Excuse us if our English major past compels us to notice that, in the extensive coverage of the decline and fall of Judith Regan, there are by now certain recurring themes emerging. We’re not entirely sure why — either certain Judith peccadilloes make the best copy, or reporters are lazy, or the woman really only does six things — but in the new Vanity Fair, Michael Wolff’s latest addition to the genre hews strictly to the storyline. Indeed, there’s no need to read the article; we’ll tell you the latest updates on the standard plotlines.
The Jew thing:
“I do know that one of her former lovers, no shrinking violet himself, says he finally broke up with her because he couldn’t stand her Niagara of obscenities anymore, but the stuff about Jews, for instance — one of her perennial themes is that Jewish men run the media world and they need special handling — never bothered him (he’s Jewish).”
Inappropriate project proposals:
“They were often her idea, written by her ghostwriters (once she had the very unlikely idea that I should ghostwrite Howard Stern’s book: ‘You’ll sit next to Howard by his pool on Long Island and write while he talks,’ she instructed, which is when I begged off)”
Inappropriate use of exes:
“In the tumble of ethics charges that surrounded Kerik, former New York City police commissioner and business partner of Rudy Giuliani, when he was nominated by President Bush to be the homeland-security chief, in December 2004, it was reported that Judith was his second mistress (he was cheating on his wife with Judith, but on Judith with his first mistress), trysting with him in a special Ground Zero apartment and working out in the gym with him. It seemed to be part of her tough-guy thing: men are brutes, so go with the most brutish of them … Indeed, when Judith lost a cell phone on the set of her TV show, she was able to have N.Y.P.D. detectives sent out to the homes of the production-crew members she suspected of having snatched it.”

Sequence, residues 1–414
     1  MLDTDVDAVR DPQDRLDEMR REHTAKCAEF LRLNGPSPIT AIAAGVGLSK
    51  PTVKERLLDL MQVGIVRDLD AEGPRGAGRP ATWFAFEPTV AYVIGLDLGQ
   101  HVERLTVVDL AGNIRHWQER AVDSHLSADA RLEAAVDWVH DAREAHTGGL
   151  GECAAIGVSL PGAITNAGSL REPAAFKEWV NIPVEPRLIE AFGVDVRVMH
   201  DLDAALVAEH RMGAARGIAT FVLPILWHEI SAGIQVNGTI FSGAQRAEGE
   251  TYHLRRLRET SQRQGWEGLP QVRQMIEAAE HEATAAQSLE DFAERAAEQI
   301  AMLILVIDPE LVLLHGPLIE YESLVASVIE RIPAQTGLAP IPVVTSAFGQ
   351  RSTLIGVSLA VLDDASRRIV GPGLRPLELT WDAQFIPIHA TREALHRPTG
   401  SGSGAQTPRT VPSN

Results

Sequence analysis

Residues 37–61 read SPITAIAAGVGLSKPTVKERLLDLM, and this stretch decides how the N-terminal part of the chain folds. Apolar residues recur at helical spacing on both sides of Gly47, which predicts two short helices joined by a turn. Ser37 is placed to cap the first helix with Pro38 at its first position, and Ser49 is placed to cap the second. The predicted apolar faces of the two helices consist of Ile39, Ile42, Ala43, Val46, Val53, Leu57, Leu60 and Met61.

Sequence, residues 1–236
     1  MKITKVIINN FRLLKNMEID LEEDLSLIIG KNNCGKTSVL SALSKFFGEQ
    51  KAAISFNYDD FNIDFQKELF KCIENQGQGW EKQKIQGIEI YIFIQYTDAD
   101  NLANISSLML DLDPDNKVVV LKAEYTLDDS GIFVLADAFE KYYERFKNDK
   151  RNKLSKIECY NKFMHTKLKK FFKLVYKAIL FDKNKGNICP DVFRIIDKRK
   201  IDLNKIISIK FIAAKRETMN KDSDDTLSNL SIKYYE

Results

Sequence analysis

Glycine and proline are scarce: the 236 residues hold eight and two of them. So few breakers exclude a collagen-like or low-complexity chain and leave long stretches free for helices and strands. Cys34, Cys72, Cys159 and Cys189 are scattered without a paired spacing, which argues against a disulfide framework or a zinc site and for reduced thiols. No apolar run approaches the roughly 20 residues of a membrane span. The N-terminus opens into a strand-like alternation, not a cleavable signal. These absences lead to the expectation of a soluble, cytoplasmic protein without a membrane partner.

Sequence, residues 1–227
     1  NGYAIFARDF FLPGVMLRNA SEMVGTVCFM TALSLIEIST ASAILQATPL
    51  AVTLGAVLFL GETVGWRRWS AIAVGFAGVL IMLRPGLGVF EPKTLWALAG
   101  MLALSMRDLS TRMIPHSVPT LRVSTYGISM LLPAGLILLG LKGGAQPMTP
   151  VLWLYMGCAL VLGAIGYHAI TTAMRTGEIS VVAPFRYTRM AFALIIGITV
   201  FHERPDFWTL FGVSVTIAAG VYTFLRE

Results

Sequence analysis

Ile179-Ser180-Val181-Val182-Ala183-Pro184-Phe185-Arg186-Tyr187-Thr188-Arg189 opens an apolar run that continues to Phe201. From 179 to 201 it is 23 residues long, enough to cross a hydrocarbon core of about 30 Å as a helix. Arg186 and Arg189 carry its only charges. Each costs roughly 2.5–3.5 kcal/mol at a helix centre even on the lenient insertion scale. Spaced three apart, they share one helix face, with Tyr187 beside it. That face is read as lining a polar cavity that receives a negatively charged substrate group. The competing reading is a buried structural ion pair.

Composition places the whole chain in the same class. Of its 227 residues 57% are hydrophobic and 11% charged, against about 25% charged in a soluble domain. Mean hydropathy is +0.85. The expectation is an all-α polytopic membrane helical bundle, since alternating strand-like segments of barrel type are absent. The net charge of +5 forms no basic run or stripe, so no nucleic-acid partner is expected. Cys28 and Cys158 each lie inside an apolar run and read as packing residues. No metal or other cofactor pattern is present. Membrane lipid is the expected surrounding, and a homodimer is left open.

Being Rupe’s girl:
“Even before she began making money for him, Murdoch was enamored of her. The deal she made when she came from book publisher Simon & Schuster — where she famously claimed to have stored, several years before Monica Lewinsky, one executive’s DNA sample — included not only an imprint and promises of a television show but also a substantial personal stake in her enterprise.”
“And then there’s the sex thing. Judith is obsessed with her disadvantages as a woman — and she would reasonably point out that no man, no matter how graphic his conversation, would ever be described as advancing his career through sex. Still, Judith’s sex talk is not only unstinting, disturbing, and subversive, but also what makes her sui generis. She’s vulgar but uncommon. Powerful men — the list is long — can’t resist Judith’s vagina monologues. Perhaps because her sex talk is not just dirty but, fundamentally, about power. And control. (’What’s my secret?’ she once snarled at me. ‘I’ll tell you my secret. I never let them come!’)”
But … she’s going to have a comeback:
“As she had left New York for Los Angeles, her friends were saying she was leaving Los Angeles for London, the tabloid capital of the world, to make it on her own.”
See, the whole thing, in just a few hundred words. Was that as good for you as it was for us?